There is water power which turns
wheels and spindles , grinds grain into
flour and irrigates vast stretches of arid
lands. When floods destroy crops ,
waves wreck fleets and the merciless
waters drown people , damn the water
power !
There is electric power which propels
cars , runs dynamos and lights up square
miles of space with its incandescent and
sun-like glow. But when , by accident ,
electricity strikes and kills animal and
human organisms , damn electric power !
But does steam power or water power
or electric power purposely and with in
tent perpetrate wrongs ? Can there be
found a motive in either power for do
ing either good or evil ?
Tin" Itronc.v 1'owtT.
The money power however is the everlasting -
lasting bogy by which the good populists
and the sixteen-to-one friends of silver
and the plain people are made hysterical
and tremulous all of the time.
This money power is a very old power.
It began business in Nebraska in 1854.
It first plowed and planted these plains.
Then the money power built innumer
able steamboats which came snail-paced
puffing and blowing along the channels
of the tawny Missouri and bringing
pioneers and all the rudimentary uecessi- | i
ties , implements , utensils , lumber , glass , i /
salt and cereals , required for founding a
new commonwealth. , . „
* < * * 4 i
Then a steamboat , by the rates of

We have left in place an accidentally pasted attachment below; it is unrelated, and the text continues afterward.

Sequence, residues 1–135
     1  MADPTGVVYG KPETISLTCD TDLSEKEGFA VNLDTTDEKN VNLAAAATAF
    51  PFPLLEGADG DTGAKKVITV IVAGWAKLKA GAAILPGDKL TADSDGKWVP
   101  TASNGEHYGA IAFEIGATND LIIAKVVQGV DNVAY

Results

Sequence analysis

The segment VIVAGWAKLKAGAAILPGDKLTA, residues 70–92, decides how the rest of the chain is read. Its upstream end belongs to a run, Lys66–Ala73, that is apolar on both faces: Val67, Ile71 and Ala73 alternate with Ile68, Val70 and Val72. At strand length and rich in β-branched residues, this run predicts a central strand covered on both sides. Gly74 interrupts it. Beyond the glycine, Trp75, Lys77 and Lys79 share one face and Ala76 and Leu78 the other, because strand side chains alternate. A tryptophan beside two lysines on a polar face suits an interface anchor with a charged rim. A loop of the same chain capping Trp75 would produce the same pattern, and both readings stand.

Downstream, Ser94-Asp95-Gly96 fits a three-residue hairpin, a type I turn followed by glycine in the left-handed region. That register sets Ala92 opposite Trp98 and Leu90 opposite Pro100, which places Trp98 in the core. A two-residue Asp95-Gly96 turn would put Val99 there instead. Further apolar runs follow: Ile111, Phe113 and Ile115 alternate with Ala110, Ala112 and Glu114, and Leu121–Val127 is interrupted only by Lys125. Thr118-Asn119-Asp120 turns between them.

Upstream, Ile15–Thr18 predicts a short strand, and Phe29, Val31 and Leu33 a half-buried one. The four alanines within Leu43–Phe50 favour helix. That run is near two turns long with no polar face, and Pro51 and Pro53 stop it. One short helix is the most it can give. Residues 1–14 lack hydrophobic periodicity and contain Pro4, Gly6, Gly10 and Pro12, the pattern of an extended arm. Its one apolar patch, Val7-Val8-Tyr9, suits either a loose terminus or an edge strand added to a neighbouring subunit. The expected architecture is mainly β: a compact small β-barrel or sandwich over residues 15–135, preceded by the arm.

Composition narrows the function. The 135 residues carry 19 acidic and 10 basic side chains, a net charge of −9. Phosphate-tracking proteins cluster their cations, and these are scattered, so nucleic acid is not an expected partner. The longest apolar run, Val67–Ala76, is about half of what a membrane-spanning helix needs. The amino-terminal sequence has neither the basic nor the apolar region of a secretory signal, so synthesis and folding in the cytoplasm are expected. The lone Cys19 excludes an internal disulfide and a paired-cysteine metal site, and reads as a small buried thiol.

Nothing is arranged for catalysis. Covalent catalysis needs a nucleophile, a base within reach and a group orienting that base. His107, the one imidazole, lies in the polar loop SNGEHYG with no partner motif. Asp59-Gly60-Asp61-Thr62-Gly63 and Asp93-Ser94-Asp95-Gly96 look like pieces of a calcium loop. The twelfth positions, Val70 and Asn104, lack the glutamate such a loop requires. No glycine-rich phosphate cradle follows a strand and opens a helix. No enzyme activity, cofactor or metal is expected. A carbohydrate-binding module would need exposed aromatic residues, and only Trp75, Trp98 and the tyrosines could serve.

freight charged , could earn its cost in a
single summer.
But the money power soon loaded
steamboats with steel rails for roads in
Nebraska. And the money power flung
out into the plains its vast network of
car-paths as easily as the spider spins its
gossamer threads and floats them into
space. Lands which were valueless and
desolate , solitudes which were unpeopled
and voiceless , sprang into value and
beauty , became human homes a-id filled
with the melodies of contented industry.
The money power , taking steam power
and water power and electricity into its
kindly and compensatory service , has
with a swift magic converted Nebraska
from wilderness and wigwam to fields ,
orchards , gardens and homes.
The money power is the monarch un
der whose banners all the power agents
of the earth enlist for the advancement
and elevation of the human race. Even
those who revile and denounce the
money power are intent upon getting
money. They would rifle the pockets of
industry with the larcenous fingers of
idleness while denouncing the stuff they
would steal :
These fanatics however are not analyt
ical. They never dissect the alleged
money power bogy. They never tell
whore , how and when it has arranged
to kill off labor , squelch industry and
convert prosperity into famine. They
never have shown why the money power
could bo advantaged by breaking down
all the industrial and producing classes
of the citizens of the United States who
work \ipon farms , in factories , counting-
houses and banks.
But they tell bugaboo stories of
schemes concocted somehowsomewhere ,
by somebody , for locking up all the
money in the country so as to make
panic , ruin and distress for the money
power to fatten upon.
But these portrait-painters never give
us a picture of the engineers of the
money power plotting ruin. They
never tell us why men who loan out
money at interest desire to destroy the
credit 9f those who borrow. They .